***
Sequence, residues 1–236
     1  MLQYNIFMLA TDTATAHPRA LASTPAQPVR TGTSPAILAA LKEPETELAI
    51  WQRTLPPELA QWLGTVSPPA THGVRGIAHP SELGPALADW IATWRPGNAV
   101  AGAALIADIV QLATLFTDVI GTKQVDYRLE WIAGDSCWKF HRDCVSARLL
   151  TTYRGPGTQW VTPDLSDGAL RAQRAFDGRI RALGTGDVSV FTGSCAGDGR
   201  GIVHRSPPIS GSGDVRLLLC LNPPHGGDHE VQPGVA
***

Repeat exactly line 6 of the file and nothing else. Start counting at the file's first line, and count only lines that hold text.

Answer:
   201  GIVHRSPPIS GSGDVRLLLC LNPPHGGDHE VQPGVA